New Audi Q5 vs Volvo XC60: costs
The new plug-in hybrid version of Audi’s Q5 large SUV promises low running costs and stonking performance. Does that make it a match for its Volvo XC60 rival?...
Buying and owning
Costs, equipment, reliability, safety and security
Unsurprisingly, given that the plug-in hybrid Q5 is brand new, you’ll get greater discounts on the XC60. However, depreciation is predicted to be slower for the Q5, so it’ll cost a private buyer slightly less over three years of ownership.
Neither is exactly a budget option if you’re buying on PCP finance, with repayments (assuming a three-year term and a £5000 customer deposit) of nearly £800 per month. The XC60 is £20 per month cheaper, mind you.
Plug-in hybrids make far more sense for company car drivers, because their sub-50g/km CO2 emissions mean relatively low benefit-in-kind tax bills. This pair will cost a 40% taxpayer £293 per month, falling to £256 next April, when new incentives for choosing greener cars are introduced.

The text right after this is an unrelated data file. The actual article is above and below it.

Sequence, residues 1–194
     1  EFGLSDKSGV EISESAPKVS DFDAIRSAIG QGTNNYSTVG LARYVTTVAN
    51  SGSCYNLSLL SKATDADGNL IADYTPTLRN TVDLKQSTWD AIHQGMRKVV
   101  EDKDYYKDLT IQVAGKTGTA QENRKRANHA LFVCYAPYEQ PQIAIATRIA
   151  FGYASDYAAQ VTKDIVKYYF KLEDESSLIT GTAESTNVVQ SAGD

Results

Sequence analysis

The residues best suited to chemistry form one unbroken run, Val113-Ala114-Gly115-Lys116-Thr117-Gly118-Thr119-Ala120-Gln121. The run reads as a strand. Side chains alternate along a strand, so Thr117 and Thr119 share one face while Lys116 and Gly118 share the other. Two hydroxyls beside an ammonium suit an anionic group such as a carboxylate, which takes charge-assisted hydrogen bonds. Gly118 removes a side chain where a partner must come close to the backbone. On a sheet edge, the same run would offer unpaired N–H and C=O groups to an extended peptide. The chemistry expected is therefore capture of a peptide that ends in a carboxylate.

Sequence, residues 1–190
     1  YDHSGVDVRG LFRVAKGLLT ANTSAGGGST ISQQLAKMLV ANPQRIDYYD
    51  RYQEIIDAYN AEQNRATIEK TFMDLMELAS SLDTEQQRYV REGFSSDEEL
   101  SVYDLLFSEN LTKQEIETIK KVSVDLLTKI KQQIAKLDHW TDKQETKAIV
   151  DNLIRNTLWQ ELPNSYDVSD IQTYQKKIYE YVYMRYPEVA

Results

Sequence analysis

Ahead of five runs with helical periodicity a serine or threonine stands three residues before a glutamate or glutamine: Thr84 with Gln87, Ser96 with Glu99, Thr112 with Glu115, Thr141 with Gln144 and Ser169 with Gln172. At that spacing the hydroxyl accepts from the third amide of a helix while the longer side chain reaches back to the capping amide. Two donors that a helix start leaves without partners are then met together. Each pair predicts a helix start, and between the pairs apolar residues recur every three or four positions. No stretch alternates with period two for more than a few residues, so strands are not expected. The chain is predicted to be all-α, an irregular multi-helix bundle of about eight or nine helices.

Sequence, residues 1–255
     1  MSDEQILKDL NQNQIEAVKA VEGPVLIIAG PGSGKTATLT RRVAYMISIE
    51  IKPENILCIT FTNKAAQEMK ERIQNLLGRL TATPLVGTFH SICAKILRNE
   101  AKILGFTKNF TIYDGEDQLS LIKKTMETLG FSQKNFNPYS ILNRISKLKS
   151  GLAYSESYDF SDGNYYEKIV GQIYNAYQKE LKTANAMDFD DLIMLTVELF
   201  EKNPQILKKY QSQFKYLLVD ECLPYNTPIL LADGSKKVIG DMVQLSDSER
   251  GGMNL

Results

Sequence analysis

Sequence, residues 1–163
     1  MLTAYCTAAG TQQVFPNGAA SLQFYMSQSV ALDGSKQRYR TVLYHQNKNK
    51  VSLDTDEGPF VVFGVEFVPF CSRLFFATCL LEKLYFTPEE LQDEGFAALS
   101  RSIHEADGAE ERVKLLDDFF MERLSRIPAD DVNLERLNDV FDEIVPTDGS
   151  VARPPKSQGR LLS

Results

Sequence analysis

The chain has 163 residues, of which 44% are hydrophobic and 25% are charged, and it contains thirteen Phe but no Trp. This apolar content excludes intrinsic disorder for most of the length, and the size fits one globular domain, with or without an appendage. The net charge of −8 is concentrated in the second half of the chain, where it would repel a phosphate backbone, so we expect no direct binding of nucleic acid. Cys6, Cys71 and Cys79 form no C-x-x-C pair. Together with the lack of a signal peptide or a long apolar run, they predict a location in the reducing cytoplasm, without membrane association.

Although these cars have official fuel economy figures of more than 100mpg, most people won’t be able to achieve anything like that unless they do mostly short trips and recharge the battery after each one. In our tests, with no pure electric range remaining, both cars averaged around 30mpg – not bad, given their size and performance.
You can charge either battery by plugging a cable into a domestic three-pin socket. A fill from empty takes around seven hours with the Q5 and eight with the XC60. A Type 2 cable (supplied by Audi but £50 extra from Volvo) enables faster charging, but 0-100% will still take about 2hr 30min with the Q5 and 3hr 15min with the XC60.
We don’t have specific reliability data for these plug-in hybrids, but the regular XC60 was one of the most dependable large SUVs in our 2019 What Car? Reliability Survey. The Q5 didn’t score quite as highly but was still well above average.
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